Home Articles Aircraft Database UK Aviation Sites Flying Experiences
Home  -  Aircraft Database  -  American Aircraft  -  Grumman F4F Wildcat

Grumman F4F Wildcat

 Jump to: Variants : Photos : On Display

Serving with the United States Navy and the Fleet Air Arm, under the designation Martlet, the Wildcat would be the first US built fighter serving with British forces to shoot down a German aircraft during the Second World War. The Grumman F4F Wildcat also played a pivotal role in the defence of Wake Island during Japanese attacks in December 1941.

Quick Facts
First flight
2nd September 1937
Entered service
December 1940
Total built
Over 2,700

Front view
Sorry, no view photo available
Side view
F4F Wildcat side view photo
Rear view
Sorry, no view photo available

During 1936 the US Navy required a new carrier-based fighter and despite ordering a prototype of Brewster's Model 39, designated XF2A-1, which would become the first monoplane fighter of the US Navy, a prototype of Grumman's biplane was ordered, designated XF4F-1. However this prototype was cancelled after a earlier Grumman F3F biplane was performing almost at the level predicted for the XF4F-1 and Brewster's design was showing good promise. Instead the US Navy ordered a monoplane prototype from Grumman on the 28th July 1936, designated XF4X-2.

The XF4X-2 with a 1,050-hp Pratt & Whitney R-1830 Twin Wasp engine flew on the 2nd September 1937, with a maximum speed of 290 mph and despite proving to be faster then Brewster's aircraft, it wasn't as good in other areas and on the 11th June 1938 Brewster's XF2A-1 went into production, known as the Brewster F2A Buffalo. However instead of scrapping Grumman's plane, it was returned to Grumman, and further development was ordered.

A new designation of XF4F-3 was given to the plane and with a more powerful Twin Wasp engine, featuring a two-stage supercharger, and other modifications including a bigger wing span, the plane flew in March 1939. These changes were found to have improved the planes performance, and before the test programme had ended a second prototype with further changes had been tested and achieved a maximum speed of 335 mph. As a result on the 8th August 1939 the US Navy ordered 78 production aircraft.

With the gathering storm clouds in Europe, Grumman offered their new plane to other nations, and received orders from both the French and Greek Governments. Flying on the 27th July and powered by a 1,000-hp Wright R-1820 radial engine, these first Wildcats were to serve with the French Navy, but due to the fall of France by this time, the British Purchasing Commission took over the order and asked for a small increase in the amount of plane to be supplied. This aircraft was named by the British as the Martlet I.

Serving with the Fleet Air Arm, and first equipping No. 804 Squadron, it was with this squadron that an US built fighter serving with the British Services would first destroy a German aircraft during the Second World War. The Martlet, as it was known until 1944, when it was re-designated to it's original name of Wildcat, with over 1,000 aircraft serving within the FAA would stay in service with the Fleet Air Arm throughout the whole of World War 2. During March 1945 the Grumman F4F Wildcat would score is last victories whilst with the FAA, when four Messerschmitt BF 109s were shot down by a number of Grumman Wildcats.

The first F4F Wildcat to serve with the US Navy flew on the 20th August, these differed from the prototype by being powered by a R-1830-90 engine with a single stage supercharger, not the two stage supercharger that had powered the prototype, and by December 1940 was equipping Navy Squadrons. Development of the plane progressed and in May 1941 the prototype XF4F-4 flew, like the B-17 Flying Fortress, this plane benefited from combat experiences of Martlets serving with the Fleet Air Arm. These changes included more armour, self sealing tanks, folding wings and an increase in armament to six guns from the original four .50 machine-guns. This new version was starting to be delivered during November 1941, and after the Japanese attack on Pearl Harbour a number of US Navy and US Marine Corps squadrons were equipped with the Wildcat.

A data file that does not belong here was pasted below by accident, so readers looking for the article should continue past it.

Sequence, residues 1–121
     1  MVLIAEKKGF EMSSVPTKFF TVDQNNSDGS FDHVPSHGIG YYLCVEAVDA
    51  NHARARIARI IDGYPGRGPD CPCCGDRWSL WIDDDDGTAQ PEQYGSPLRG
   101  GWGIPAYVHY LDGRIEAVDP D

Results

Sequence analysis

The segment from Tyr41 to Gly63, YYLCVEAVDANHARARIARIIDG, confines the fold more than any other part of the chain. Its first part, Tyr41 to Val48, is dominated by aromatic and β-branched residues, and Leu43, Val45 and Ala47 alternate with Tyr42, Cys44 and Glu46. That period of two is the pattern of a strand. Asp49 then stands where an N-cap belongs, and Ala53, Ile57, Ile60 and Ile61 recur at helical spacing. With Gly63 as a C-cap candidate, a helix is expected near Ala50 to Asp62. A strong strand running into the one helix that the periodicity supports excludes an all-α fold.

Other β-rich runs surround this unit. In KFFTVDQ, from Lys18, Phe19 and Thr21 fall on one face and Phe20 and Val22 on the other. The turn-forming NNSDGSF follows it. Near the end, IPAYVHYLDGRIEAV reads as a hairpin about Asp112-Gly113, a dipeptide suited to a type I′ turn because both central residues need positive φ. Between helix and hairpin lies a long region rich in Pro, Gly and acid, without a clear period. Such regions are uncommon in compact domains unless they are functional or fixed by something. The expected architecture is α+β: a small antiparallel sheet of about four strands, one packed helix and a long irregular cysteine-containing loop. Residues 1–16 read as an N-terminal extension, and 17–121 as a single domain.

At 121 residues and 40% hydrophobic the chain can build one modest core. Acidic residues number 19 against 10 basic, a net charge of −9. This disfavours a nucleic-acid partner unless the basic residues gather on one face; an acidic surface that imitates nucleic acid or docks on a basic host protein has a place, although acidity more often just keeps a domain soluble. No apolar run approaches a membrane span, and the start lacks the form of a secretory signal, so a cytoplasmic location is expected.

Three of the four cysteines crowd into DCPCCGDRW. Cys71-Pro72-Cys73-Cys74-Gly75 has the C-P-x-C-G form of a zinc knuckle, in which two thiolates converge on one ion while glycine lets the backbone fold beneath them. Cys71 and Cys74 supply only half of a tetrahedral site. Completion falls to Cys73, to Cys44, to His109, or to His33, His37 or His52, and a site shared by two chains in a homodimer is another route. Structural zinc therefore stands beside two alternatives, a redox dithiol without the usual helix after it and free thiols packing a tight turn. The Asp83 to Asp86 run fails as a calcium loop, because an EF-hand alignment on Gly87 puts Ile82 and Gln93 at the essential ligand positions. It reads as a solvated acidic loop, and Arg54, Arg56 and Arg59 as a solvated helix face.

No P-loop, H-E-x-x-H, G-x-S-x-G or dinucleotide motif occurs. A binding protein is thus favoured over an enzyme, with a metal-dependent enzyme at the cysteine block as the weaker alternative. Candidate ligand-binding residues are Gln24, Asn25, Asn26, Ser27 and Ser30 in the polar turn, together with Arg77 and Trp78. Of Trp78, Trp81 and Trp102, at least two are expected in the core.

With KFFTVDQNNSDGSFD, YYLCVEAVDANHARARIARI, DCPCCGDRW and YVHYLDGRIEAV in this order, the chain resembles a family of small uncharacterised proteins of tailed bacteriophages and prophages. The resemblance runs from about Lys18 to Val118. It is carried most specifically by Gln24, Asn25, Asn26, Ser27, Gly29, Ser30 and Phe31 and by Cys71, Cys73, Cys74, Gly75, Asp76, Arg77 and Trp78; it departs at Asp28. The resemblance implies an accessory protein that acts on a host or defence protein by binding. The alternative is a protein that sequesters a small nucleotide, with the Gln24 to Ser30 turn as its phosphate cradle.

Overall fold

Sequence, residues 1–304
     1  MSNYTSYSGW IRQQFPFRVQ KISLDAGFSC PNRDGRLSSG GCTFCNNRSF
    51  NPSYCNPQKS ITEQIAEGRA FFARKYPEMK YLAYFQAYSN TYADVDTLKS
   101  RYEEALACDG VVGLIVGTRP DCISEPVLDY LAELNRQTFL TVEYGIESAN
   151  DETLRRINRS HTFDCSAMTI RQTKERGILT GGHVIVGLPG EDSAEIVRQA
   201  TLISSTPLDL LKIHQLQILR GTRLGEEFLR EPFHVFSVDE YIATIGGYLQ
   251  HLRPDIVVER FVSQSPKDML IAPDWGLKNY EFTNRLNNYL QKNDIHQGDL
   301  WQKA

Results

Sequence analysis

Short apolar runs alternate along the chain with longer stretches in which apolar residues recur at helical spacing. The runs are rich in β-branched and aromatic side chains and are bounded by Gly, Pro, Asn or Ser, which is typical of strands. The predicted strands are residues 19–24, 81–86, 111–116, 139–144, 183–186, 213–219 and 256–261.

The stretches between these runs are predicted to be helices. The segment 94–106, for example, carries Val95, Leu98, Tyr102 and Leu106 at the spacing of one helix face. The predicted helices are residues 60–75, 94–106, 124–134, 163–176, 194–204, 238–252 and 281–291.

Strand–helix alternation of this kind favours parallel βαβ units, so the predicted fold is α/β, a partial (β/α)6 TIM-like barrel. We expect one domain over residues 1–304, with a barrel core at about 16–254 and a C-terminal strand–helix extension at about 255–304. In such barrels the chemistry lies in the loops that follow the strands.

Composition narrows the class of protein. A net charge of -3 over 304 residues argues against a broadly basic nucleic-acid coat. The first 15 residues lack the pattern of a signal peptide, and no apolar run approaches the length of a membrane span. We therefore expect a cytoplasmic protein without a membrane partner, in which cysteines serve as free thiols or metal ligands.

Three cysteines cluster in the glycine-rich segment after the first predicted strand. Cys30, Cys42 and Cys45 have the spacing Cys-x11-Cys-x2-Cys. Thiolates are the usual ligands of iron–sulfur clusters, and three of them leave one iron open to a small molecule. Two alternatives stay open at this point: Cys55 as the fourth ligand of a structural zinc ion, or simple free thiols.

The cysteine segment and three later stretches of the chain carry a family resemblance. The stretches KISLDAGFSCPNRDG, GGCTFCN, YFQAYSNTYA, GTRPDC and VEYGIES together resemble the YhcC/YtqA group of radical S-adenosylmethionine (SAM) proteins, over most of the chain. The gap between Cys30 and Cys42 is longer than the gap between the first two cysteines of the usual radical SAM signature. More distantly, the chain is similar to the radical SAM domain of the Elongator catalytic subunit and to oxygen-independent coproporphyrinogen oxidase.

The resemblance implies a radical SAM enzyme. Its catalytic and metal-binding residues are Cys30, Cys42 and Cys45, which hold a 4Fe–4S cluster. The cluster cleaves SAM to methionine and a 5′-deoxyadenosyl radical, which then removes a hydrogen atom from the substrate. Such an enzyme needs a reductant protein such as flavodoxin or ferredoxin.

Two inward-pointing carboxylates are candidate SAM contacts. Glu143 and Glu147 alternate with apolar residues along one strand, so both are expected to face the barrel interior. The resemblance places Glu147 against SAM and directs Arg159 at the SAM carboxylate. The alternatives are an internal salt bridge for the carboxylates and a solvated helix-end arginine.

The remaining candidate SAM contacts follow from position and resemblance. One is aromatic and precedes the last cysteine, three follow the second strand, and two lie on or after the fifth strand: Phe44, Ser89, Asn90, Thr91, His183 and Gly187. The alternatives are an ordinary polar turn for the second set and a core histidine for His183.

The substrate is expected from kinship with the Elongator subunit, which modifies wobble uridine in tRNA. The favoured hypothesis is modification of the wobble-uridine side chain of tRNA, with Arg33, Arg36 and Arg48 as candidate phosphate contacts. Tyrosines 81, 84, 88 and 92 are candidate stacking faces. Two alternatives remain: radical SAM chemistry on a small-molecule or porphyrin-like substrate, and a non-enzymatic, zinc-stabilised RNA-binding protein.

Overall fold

It was during the defence of Wake Island, which was attacked during December 1941, that the Wildcat would show it was a formidable opponent against the Mitsubishi A6M Zero, it was also able to take more damage than the unarmoured Zero. With eight aircraft destroyed on the ground, the remaining four Grumman F4F Wildcats put up a courageous defence of the Island.

Until 1943, when replaced by more advanced aircraft, the F4F Wildcat was involved in all signification action in the Pacific, seeing service in the battles of Coral Sea and Midway, during operations in Guadalcanal and in North Africa. The F4F-7, a long range reconnaissance plane, with no armament and a bigger fuel tank, was to be the last production version, and by the time production had ended over 7,500 Wildcats had been built. General Motors would build the majority of these designated as FM-1 and FM-2 Wildcats.

Also see General Motors FM Wildcat



Variants

Click on the aeroplane image to view a larger version.

Max Speed Range Service Ceiling Armament
F4F-3 331 mph 845 miles 37,500 ft four 0.50-in machine-guns
F4F-4 318 mph 770 miles 39,400 ft six 0.50-in machine-guns
two 100lb bombs
F4F-7 309 mph 3,700 miles 28,300 ft Photo reconnaissance
XF4F-8 Two prototypes serving as the basis for the General Motors FM-2.



Photos





On Display

(C) = Cockpit only exhibit. (F) = Fuselage only exhibit. (R) = Remains of an aircraft.

Variant Location
F4F-3 Fleet Air Arm Museum

Back to American aircraft

Follow us on Facebook Follow us on twitter Follow us on Google+ Subscribe to our YouTube channel












     Fairey Gannet
     Avro Shackleton
     Bristol Blenheim
     Vickers Warwick
     Kawasaki Ki-100



Comments or Suggestions?






Back to the top